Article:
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Transfer Quality

Video

     The Wild and the Innocent was made in Cinemascope in the 2.35:1 aspect ratio; the opening and closing credits are in this ratio but the rest of the film is cropped to 1.78:1, in NTSC, and is not 16x9 enhanced.

     This is not as bad as it could have been given that this film is almost exclusively shot on a town set and not on the open prairie or mountains of some of the other films in this Audie Murphy box set. But it is bad enough with characters speaking from out of the frame or partially cut off. Otherwise the detail, including shadow detail, is firm, with nice colours. There are some minor speckles, motion blur and some colour variation but the print still looks decent. Blacks are solid, skin tones natural.

     No subtitles are provided.

Video Ratings Summary
Sharpness
Shadow Detail
Colour
Grain/Pixelization
Film-To-Video Artefacts
Film Artefacts
Overall

Audio

     The audio is English Dolby Digital 2.0 mono at 192 Kbps.

     Dialogue is clear. The sounds of galloping horses, gunshots and the fireworks had some nice depth. There score is by Hans J. Salter, who in his career received 6 Oscar nominations, including for It Started with Eve (1941), without winning. His score for The Wild and the Innocent is somewhat obvious, such as the hillbilly” music at the beginning as Yancy and his uncle ride down from the mountains.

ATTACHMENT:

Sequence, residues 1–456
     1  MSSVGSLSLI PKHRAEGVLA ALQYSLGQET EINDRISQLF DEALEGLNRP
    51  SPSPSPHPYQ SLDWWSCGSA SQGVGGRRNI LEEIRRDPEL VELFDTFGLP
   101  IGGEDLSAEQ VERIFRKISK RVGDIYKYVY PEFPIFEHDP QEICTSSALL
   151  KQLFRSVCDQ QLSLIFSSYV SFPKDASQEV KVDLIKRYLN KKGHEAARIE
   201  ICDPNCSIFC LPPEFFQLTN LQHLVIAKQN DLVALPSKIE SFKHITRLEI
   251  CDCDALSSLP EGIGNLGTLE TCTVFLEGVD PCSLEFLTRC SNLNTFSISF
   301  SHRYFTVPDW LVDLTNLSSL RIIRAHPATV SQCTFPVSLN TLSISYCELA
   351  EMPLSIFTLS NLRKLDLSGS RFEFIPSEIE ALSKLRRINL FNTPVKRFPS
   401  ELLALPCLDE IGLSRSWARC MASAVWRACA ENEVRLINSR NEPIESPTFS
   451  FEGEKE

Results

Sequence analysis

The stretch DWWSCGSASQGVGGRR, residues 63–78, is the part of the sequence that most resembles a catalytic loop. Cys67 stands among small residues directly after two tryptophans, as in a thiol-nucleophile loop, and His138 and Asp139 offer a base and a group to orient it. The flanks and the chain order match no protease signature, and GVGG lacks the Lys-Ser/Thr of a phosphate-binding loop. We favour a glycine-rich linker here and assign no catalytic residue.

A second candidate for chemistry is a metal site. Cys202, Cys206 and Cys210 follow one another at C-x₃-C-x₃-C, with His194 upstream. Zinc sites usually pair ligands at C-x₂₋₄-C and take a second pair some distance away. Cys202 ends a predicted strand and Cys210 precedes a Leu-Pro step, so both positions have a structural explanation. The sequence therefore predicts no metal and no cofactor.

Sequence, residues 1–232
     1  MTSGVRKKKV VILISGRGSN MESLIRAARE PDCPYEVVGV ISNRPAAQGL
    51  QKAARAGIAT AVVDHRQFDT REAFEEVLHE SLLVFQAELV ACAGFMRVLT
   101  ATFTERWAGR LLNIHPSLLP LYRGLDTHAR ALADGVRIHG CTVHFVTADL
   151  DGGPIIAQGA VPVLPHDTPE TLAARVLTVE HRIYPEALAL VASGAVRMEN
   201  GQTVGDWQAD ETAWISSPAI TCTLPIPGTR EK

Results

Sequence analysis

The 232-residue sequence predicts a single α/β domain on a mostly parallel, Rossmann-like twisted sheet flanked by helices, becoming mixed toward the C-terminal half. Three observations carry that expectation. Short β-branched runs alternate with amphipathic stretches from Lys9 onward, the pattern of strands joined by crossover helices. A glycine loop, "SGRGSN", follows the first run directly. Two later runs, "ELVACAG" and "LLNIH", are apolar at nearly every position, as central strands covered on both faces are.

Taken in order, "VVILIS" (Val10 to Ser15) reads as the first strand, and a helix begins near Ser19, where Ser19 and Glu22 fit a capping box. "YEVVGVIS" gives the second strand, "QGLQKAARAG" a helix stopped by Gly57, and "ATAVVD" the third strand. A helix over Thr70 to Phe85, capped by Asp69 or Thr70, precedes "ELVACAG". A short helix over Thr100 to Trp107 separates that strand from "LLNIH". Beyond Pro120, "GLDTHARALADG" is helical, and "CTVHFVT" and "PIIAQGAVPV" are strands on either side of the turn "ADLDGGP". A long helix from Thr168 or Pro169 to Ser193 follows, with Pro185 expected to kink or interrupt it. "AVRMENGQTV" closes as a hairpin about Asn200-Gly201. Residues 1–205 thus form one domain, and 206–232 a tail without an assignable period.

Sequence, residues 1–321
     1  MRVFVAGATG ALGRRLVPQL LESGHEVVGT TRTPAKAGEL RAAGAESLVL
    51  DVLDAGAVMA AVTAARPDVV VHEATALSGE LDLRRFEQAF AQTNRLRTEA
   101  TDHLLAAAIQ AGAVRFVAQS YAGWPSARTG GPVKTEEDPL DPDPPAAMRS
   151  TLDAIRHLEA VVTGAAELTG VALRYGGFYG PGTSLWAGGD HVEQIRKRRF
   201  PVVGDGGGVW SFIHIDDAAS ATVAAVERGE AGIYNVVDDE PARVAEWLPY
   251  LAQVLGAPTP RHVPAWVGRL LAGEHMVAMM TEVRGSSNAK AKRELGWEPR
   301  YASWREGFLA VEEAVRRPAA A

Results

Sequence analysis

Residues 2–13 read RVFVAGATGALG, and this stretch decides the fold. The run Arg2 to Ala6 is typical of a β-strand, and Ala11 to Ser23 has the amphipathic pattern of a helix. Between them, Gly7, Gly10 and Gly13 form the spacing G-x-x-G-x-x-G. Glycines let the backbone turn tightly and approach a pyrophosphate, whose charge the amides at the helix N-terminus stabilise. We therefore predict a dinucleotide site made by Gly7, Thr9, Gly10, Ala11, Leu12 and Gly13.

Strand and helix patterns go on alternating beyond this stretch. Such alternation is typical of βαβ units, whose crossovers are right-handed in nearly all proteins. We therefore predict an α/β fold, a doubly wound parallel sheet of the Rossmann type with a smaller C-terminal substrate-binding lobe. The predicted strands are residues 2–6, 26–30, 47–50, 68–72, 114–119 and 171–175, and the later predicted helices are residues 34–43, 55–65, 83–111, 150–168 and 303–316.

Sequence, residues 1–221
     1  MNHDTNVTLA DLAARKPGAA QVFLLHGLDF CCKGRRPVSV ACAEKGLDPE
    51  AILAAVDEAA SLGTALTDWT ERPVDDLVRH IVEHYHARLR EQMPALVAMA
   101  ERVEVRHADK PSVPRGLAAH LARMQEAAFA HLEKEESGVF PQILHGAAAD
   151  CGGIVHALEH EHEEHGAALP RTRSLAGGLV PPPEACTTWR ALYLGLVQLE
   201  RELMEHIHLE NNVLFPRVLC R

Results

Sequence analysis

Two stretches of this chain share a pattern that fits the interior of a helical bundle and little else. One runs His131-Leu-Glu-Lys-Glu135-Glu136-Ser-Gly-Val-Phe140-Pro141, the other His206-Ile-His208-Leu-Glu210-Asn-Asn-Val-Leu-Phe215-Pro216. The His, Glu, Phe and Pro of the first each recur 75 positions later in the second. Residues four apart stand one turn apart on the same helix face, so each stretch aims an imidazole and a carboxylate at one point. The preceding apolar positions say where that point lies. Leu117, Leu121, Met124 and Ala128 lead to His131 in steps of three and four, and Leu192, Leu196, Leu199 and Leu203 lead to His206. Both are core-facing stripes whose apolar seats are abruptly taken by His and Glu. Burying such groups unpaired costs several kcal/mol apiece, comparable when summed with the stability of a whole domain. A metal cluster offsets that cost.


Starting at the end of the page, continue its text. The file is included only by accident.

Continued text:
There was no hiss or crackle.

    Lip synchronisation is fine.

Audio Ratings Summary
Dialogue
Audio Sync
Clicks/Pops/Dropouts
Surround Channel Use
Subwoofer
Overall

Extras

     Nothing. The silent menu offers only “Play”.

R4 vs R1

NOTE: To view non-R4 releases, your equipment needs to be multi-zone compatible and usually also NTSC compatible.

     The Wild and the Innocent is not a high profile Audie Murphy title and I cannot find a listing of another DVD release in any form except as part of the Audie Murphy: Man of the West Collection , which is part of this Audie Murphy Ultimate Western Collection. See the summary section below.

Summary

     The Wild and the Innocent is not your usual Audie Murphy western, nor is it a particularly good film. There is little action and the humour is rather mean spirited. It may be one for those who want to complete their collection, but even then the incorrect aspect ratio makes this film difficult to recommend.

     The video is cropped, the audio is the original mono. No extras.

     The Wild and the Innocent is included in the 14 disc / 14 film set Audie Murphy Ultimate Western Collection. The 14 movies, made by Murphy between 1950 and 1966, are all westerns except for the army comedy Joe Butterfly. The Audie Murphy Ultimate Western Collection is made up from the Audie Murphy: Man of the West Collection and the Audie Murphy: Man of the West Collection II. Both of these individual Man of the West Collection packs have been released previously.

     The Audie Murphy Ultimate Western Collection was supplied for review by Via Vision Entertainment. Check out their Facebook page for the latest releases, giveaways, deals and more.

Ratings (out of 5)

Video
Audio
Extras
Plot
Overall

© Ray Nyland (the bio is the thing)
Wednesday, October 30, 2019
Review Equipment
DVDSony BDP-S580, using HDMI output
DisplayLG 55inch HD LCD. This display device has not been calibrated. This display device is 16x9 capable. This display device has a maximum native resolution of 1080p.
Audio DecoderNAD T737. This audio decoder/receiver has not been calibrated.
AmplificationNAD T737
SpeakersStudio Acoustics 5.1